Virus Genes

, Volume 54, Issue 3, pp 368–375 | Cite as

Non-structural protein 1 from avian influenza virus H9N2 is an efficient RNA silencing suppressor with characteristics that differ from those of Tomato bushy stunt virus p19

  • Ru Yu
  • Xiuli Jing
  • Wenjing Li
  • Jie Xu
  • Yang Xu
  • Liwei Geng
  • Changxiang Zhu
  • Hongmei LiuEmail author


Non-structural protein 1 (NS1) of influenza A virus is a multifunctional dimeric protein that contains a conserved N-terminal RNA binding domain. Studies have shown that NS1 suppresses RNA silencing and the NS1 proteins encoded by different influenza A virus strains exhibit differential RNA silencing suppression activities. In this study, we showed that the NS1 protein from avian influenza virus (AIV) H9N2 suppressed systemic RNA silencing induced by sense RNA or dsRNA. It resulted in more severe Potato virus X symptom, but could not reverse established systemic green fluorescent protein silencing in Nicotiana benthamiana. In addition, its systemic silencing suppression activity was much weaker than that of p19. The local silencing suppression activity of AIV H9N2 NS1 was most powerful at 7 dpi and was even stronger than that of p19. And the inhibition ability to RNA silencing of NS1 is stronger than that of p19 in human cells. Collectively, these results indicate that AIV H9N2 NS1 is an effective RNA silencing suppressor that likely targets downstream step(s) of dsRNA formation at an early stage in RNA silencing. Although NS1 and p19 both bind siRNA, their suppression mechanisms seem to differ because of differences in their suppression activities at various times post-infiltration and because p19 can reverse established systemic RNA silencing, but NS1 cannot.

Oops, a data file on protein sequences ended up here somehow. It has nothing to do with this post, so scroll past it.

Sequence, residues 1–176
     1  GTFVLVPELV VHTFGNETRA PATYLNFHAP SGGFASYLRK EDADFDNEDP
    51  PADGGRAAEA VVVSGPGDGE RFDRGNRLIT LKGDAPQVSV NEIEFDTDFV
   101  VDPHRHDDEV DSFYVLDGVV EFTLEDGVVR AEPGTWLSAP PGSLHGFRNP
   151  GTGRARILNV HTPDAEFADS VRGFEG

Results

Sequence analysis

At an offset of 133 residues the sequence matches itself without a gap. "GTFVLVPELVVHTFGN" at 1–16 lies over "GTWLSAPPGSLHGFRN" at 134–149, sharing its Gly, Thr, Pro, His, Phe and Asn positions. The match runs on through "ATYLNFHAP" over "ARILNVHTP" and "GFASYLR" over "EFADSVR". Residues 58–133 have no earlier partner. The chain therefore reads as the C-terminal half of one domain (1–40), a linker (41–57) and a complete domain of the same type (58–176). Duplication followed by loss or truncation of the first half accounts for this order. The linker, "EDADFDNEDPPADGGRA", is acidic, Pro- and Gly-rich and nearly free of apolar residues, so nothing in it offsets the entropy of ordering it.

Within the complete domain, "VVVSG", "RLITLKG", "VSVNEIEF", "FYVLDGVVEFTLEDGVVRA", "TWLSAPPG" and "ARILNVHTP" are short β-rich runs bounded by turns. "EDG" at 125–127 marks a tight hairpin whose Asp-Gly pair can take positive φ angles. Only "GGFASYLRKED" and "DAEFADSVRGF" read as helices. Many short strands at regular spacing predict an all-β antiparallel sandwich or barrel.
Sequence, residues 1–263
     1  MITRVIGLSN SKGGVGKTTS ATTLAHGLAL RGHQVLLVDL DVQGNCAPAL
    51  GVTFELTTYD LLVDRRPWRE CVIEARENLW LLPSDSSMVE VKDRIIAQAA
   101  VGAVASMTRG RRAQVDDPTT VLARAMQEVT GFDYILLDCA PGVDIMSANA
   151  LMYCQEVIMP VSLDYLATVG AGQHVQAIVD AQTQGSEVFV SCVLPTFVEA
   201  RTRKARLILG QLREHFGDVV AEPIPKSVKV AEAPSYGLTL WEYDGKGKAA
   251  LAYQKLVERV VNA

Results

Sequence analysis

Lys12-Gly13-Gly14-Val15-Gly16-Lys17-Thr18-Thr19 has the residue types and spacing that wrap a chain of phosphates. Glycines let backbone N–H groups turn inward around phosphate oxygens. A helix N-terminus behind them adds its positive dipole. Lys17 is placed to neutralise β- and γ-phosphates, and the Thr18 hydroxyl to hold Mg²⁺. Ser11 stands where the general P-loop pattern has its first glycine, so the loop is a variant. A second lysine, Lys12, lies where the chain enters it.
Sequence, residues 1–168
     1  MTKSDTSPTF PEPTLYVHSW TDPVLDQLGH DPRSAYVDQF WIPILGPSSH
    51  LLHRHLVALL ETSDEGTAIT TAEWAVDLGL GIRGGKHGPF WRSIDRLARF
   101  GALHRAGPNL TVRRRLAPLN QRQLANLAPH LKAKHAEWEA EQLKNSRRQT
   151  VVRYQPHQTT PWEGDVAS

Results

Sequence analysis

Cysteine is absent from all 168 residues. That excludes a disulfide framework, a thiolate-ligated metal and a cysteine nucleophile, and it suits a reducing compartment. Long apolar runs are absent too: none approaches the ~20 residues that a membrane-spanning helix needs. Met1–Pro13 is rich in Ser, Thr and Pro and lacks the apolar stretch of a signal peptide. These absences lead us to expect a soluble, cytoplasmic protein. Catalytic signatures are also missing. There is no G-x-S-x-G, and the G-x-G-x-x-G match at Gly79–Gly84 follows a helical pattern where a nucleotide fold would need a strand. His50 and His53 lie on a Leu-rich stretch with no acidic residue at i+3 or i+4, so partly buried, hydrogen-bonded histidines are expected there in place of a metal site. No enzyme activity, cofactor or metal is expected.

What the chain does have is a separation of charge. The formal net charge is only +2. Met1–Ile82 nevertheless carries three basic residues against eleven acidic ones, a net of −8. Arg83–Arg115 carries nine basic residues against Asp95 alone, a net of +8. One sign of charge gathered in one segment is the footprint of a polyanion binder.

Avian influenza virus RNA silencing suppressor NS1 H9N2 p19 



We thank Prof. David Baulcombe for providing N. benthamiana 16c seeds and the p19 gene and Prof. Zhizhong Cui for providing the avian influenza virus H9N2 strain. And thanks are due to Dr. Zizhang Zhou and Dr. Haifang Li for the assistance in animal experiments. This work was supported by grants from the Natural Science Foundation of Shandong Province [ZR2015CM018] and National Natural Science Foundation of China [31272113 and 31300730].

Author contributions

RY and XJ performed the main experiments and edited the paper; CZ participated in experimental design; JX, WL, YX, and LG were involved in executing the study; HL guided the execution of the study and revised the paper.

Compliance with ethical standards

Conflict of interest

The authors declare no conflict of interest.

Human and animal consent

The research described in the paper does not use any human or animal subjects.


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Copyright information

© Springer Science+Business Media, LLC, part of Springer Nature 2018

Authors and Affiliations

  1. 1.State Key Laboratory of Crop Biology, College of Life SciencesShandong Agricultural UniversityTai’anChina
  2. 2.Institute of ImmunologyTaishan Medical UniversityTai’anChina

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